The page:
Empyrean was performed at the Alex Theatre from June 17-18, 2016.


REVIEW: Paul Malek’s BOYZ

Intense and absorbing new dance work

By Myron My

Your 20s are a time in your life where you finally step out into the wider world and attempt to make sense of it all. For most, it includes moving out of the family home, graduating from studies, and finding your place in life. Easier said than done though. Presented as part of this year’s Midsumma Festival, Paul Malek‘s new contemporary dance piece BOYZ explores what it means being a gay man in your 20s.


Whilst there is a feeling of frustration and boredom, things begin serenely enough with five males – Jayden Hicks, Samuel Harnett-Welk, Charles Ball, Lachlan Hall and Kurt Dwyer-William – living under one roof. However, the gradual exploration of their sexuality, individuality and how they fit into a society such as ours, has them experiencing new and foreign moments. Malek incorporates some engaging storytelling through his choreography, and the characters the dancers take on maintain a sophisticated depth to them that I rarely witness in contemporary dance.

This is a physically demanding piece that expects much from its performers who are more than able to rise to the challenge, with the menage-a-trios between Ball, Hicks and Hall highlighting this better than any other sequence in BOYZ. Precision timing is required from all three, as their bodies become one but remain in constant movement. The choreography is so intricate that if one arm or one leg is misplaced even for a second, it would visibly disrupt the flow they have created.

There is a strong Dionysian influence throughout BOYZ, for just like the excesses of the Greek God of wine and ecstasy, the moments shared by the characters on stage are highly intense and passionate, whether it be through drugs, dancing, or with each other. Look deeper and you can see that while these events and the transition into manhood can potentially cause harm and tragedy, they can also be viewed as an opportunity for growth and self-discovery.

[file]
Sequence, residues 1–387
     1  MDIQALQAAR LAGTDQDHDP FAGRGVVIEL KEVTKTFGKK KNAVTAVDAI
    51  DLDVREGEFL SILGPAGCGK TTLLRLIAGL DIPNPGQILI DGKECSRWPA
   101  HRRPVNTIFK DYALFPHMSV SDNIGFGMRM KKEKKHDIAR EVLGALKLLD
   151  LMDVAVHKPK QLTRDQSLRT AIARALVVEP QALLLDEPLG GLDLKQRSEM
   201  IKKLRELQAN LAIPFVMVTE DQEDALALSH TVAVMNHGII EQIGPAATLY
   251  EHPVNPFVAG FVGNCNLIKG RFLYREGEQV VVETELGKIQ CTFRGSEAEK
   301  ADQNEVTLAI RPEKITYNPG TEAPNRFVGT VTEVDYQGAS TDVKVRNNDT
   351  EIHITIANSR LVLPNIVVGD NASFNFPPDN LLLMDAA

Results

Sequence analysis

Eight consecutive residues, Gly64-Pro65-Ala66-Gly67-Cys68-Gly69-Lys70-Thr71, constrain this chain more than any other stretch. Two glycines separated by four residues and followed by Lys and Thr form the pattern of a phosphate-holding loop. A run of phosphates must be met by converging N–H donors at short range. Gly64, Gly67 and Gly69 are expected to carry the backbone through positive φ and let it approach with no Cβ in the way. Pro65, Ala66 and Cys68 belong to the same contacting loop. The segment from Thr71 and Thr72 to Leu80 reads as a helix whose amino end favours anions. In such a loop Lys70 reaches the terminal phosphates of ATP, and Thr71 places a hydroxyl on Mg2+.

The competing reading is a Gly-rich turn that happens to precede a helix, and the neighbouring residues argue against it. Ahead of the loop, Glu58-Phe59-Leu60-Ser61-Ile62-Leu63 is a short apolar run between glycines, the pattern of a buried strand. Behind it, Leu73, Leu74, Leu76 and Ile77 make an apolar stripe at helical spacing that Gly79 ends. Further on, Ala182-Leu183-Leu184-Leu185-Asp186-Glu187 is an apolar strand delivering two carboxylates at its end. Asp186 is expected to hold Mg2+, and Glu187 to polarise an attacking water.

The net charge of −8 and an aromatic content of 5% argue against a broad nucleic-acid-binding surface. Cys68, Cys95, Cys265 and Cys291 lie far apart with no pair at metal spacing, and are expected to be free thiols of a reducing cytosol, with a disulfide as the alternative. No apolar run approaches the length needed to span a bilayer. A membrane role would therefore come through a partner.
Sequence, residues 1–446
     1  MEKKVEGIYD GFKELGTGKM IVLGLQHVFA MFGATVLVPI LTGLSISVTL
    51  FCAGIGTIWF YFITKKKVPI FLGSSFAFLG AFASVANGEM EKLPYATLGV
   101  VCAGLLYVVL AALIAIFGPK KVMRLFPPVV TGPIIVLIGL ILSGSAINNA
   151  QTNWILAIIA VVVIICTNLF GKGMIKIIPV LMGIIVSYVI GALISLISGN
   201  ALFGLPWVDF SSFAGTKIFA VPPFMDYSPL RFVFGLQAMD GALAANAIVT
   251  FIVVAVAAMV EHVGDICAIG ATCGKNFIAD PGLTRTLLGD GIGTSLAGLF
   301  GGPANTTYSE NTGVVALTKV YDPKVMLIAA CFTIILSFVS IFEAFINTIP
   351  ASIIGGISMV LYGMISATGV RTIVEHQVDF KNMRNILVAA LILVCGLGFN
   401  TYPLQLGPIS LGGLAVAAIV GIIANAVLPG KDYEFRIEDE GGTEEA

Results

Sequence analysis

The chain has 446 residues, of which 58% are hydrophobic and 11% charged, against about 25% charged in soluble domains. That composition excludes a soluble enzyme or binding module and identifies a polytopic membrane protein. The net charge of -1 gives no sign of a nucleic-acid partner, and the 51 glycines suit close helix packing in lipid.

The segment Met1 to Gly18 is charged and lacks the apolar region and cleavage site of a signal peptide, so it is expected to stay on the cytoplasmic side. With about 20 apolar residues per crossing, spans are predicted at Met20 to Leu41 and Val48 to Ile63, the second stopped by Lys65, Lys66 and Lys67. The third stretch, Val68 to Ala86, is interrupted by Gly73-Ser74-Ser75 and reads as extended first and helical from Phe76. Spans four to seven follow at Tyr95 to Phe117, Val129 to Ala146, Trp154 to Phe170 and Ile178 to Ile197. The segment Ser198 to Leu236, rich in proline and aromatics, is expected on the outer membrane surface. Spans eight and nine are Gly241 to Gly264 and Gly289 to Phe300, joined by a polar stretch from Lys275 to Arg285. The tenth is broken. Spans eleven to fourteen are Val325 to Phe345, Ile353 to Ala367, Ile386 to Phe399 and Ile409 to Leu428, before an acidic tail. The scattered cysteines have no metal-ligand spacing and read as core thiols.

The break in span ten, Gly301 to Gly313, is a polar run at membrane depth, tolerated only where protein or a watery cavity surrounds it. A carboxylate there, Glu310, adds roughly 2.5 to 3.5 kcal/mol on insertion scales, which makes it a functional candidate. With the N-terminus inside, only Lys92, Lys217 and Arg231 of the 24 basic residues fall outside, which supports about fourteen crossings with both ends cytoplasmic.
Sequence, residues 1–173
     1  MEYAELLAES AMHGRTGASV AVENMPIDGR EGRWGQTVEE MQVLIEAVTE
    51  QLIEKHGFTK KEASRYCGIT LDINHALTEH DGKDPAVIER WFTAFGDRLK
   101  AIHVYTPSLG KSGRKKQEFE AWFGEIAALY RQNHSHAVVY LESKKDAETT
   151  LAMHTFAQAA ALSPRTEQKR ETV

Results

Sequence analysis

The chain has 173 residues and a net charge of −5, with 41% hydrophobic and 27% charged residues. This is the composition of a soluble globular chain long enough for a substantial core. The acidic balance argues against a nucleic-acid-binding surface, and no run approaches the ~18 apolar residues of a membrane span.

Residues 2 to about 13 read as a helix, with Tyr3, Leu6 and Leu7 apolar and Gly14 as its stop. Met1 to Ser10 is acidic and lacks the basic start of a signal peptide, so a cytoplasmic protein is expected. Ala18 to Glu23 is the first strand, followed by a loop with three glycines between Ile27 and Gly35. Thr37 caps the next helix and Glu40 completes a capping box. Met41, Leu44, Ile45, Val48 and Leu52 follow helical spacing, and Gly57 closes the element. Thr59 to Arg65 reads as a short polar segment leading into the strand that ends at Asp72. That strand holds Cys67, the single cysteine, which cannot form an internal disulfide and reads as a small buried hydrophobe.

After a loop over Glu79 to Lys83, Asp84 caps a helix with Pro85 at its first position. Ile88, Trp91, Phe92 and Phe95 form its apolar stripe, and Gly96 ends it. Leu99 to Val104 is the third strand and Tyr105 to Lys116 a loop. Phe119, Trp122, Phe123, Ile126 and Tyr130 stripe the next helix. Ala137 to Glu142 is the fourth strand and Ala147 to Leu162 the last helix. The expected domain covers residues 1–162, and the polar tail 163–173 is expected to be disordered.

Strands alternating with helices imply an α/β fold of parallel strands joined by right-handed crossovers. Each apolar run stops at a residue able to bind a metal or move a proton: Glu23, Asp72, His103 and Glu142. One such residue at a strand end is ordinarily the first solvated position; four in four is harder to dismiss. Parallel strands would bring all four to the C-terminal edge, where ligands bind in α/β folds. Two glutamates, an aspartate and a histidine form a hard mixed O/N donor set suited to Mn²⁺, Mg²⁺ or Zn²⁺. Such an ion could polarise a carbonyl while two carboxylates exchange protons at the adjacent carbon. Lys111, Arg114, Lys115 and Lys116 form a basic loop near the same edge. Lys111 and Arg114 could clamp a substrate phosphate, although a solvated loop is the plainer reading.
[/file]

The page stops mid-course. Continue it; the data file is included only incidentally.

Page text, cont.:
The choreography is perfectly timed to music by Danish electronic musician, Trentemøller, which at various times sounds like a rapidly beating heart that’s about to explode. The basic and simple set design by Chris Curran, consisting of a white sofa, table and chairs, is the perfect contrast to the frenetic nature of the characters’ experiences, and together with Curran and Hicks’ costuming and Craig Boyes‘ lighting design, create some evocative aesthetic moments.

While the ending is fitting in itself, with the dancers collapsing into slumberous exhaustion from all they have gone through, it is at a much slower pace than the rest of the show, and as such the overall impact of BOYZ lessens. Cutting the length of the finale would still allow for Malek’s desired effect but would also have us remain completely engaged with the piece.

BOYZ is an hypnotic and honest performance piece that, regardless of sex and sexuality, audiences can strongly relate to in appreciating the events and emotions these five dancers go through. From Malek’s perspective, the world can be a big scary place when you’re set free in it, but it’s the experiences we have, both good and bad, that will ultimately decide who we are and how we can find what we are looking for in life.

Venue: Transit Dance, 2/10 Elizabeth St, Kensington
Season: Until 30 January | Wed – Sat 8.30pm
Tickets: $30 Full | $22 Conc
Bookings: Midsumma Festival